Web developers are typically focused on the site’s overall look, feel, and user experience. Designers and developers will care about a page’s visual elements and how consumers interact with those elements. They often like to keep things as simple as possible, especially since consumers using mobile devices have long surpassed consumers using desktop or laptop devices.
On the other hand, SEO marketers will say you need to focus your navigation efforts on optimizing for search engines.
A basic example of this can be found on teacollection.com:
The main navigation has standard category pages and some favorite collections. Once you click on the boy ‘pants’ category page, you are taken to nice looking page with all of the types of pants they carry, such as corduroys, joggers, etc.
They don’t have a ton of products for each category, so a simpler site navigation would have fewer categories and tabs. However, the expanded navigation with more detailed subcategory pages aids in SEO efforts.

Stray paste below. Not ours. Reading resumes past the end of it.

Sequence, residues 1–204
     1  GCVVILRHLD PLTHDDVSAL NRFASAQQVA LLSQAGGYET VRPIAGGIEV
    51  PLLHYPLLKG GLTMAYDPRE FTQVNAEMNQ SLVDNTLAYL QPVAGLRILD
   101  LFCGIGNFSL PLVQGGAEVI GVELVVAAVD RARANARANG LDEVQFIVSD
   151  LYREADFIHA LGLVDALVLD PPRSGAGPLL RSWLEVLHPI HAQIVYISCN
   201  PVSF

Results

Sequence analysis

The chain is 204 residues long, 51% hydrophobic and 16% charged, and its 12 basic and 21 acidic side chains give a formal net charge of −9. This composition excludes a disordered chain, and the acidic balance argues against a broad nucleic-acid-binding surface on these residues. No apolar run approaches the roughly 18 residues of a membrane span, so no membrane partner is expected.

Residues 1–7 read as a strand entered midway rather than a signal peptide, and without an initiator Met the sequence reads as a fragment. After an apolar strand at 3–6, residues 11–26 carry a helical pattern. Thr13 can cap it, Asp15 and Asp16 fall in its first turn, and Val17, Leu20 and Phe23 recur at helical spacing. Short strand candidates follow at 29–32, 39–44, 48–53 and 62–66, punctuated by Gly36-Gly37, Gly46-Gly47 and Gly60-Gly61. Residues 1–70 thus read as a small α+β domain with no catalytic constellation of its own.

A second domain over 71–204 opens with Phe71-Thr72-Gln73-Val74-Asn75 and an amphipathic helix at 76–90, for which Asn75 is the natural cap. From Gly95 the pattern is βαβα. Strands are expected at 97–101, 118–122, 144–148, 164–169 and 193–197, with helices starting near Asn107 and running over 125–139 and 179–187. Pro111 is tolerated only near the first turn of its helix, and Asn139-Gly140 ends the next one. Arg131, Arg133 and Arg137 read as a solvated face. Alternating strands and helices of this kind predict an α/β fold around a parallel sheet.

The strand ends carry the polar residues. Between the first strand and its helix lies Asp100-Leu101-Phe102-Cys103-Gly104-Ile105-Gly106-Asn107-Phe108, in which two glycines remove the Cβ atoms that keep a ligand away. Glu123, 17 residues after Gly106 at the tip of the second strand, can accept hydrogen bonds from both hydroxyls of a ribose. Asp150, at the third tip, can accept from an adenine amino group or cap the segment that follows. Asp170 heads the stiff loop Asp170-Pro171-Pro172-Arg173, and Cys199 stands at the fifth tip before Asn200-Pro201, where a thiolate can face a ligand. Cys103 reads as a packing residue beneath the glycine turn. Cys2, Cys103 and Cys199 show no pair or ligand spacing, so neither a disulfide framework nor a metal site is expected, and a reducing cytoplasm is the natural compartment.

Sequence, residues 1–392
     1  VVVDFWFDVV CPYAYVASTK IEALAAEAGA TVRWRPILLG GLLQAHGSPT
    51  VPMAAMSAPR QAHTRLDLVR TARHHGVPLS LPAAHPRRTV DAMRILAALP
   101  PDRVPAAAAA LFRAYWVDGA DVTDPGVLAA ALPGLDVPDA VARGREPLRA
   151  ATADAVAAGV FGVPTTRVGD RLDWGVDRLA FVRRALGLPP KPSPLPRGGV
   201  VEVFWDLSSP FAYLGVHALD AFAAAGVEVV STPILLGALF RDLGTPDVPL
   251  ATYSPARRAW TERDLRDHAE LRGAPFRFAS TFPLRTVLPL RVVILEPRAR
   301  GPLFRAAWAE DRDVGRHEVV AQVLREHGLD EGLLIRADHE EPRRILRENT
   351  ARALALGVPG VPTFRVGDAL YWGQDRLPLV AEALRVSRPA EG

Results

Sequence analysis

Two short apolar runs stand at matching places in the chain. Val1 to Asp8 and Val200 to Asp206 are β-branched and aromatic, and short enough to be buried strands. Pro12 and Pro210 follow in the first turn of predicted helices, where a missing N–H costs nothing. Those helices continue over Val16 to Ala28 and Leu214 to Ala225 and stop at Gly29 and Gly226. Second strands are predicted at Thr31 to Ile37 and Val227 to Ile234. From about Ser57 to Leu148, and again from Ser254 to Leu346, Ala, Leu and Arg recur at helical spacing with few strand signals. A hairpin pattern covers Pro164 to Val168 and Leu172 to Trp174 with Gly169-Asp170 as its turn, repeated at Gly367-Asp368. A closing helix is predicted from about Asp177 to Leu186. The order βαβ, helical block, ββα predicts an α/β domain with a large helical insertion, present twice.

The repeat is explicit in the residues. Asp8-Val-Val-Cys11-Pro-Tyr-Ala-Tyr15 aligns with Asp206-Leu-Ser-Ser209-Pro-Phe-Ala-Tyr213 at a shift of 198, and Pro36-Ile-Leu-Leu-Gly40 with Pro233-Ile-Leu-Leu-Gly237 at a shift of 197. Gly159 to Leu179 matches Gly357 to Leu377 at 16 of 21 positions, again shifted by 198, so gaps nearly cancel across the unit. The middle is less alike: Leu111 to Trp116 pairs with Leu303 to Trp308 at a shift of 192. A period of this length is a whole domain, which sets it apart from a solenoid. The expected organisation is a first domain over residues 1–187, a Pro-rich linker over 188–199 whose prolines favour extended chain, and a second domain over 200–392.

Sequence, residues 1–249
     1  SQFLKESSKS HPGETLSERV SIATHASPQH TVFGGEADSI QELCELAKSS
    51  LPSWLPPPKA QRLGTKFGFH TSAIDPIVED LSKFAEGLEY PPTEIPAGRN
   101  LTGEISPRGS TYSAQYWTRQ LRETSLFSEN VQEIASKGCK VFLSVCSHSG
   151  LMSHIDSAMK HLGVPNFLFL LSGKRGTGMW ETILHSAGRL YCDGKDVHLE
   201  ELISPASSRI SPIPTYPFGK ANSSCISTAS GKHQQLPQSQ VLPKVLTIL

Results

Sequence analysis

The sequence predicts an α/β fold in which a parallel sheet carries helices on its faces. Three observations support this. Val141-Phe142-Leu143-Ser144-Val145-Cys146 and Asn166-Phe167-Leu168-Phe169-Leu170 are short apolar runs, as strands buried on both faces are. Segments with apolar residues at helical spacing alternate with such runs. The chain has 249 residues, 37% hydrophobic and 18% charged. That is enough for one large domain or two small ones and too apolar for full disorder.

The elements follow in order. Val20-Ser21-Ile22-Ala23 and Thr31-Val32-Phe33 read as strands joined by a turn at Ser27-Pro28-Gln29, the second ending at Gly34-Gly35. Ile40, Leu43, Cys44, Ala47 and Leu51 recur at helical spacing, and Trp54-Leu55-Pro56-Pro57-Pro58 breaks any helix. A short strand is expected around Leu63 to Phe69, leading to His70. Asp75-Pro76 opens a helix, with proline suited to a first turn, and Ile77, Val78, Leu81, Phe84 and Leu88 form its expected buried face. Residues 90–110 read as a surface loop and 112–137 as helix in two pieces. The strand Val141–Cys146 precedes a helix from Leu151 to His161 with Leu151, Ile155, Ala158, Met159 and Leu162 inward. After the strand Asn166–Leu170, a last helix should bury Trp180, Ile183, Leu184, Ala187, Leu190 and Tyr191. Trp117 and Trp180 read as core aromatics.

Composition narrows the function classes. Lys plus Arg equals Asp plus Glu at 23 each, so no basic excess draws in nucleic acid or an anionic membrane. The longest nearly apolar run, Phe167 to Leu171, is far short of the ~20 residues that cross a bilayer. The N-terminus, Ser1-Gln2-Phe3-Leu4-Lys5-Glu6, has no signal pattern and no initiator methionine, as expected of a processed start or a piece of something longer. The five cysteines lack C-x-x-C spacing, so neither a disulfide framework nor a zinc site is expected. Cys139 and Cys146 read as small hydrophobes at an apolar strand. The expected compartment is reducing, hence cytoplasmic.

There is a large search volume for various longer tail terms in each of these new subcategories that could drive organic search traffic to the site. Here is what that search volume looks like for some of the new subcategories they could build out for the pants category:
To rank higher on a Google Search Engine Results Page (SERP), these subcategory pages should target the keywords they’re hoping to rank for.
When you consider large ecommerce sites with hundreds or thousands of products, site navigation becomes even more crucial.
REI’s website is a great example of SEO-friendly site navigation—they have a very large navigation for each category on the site. For example, when you click on the ‘Camp and Hike’ category, you get a massive list of subcategory pages.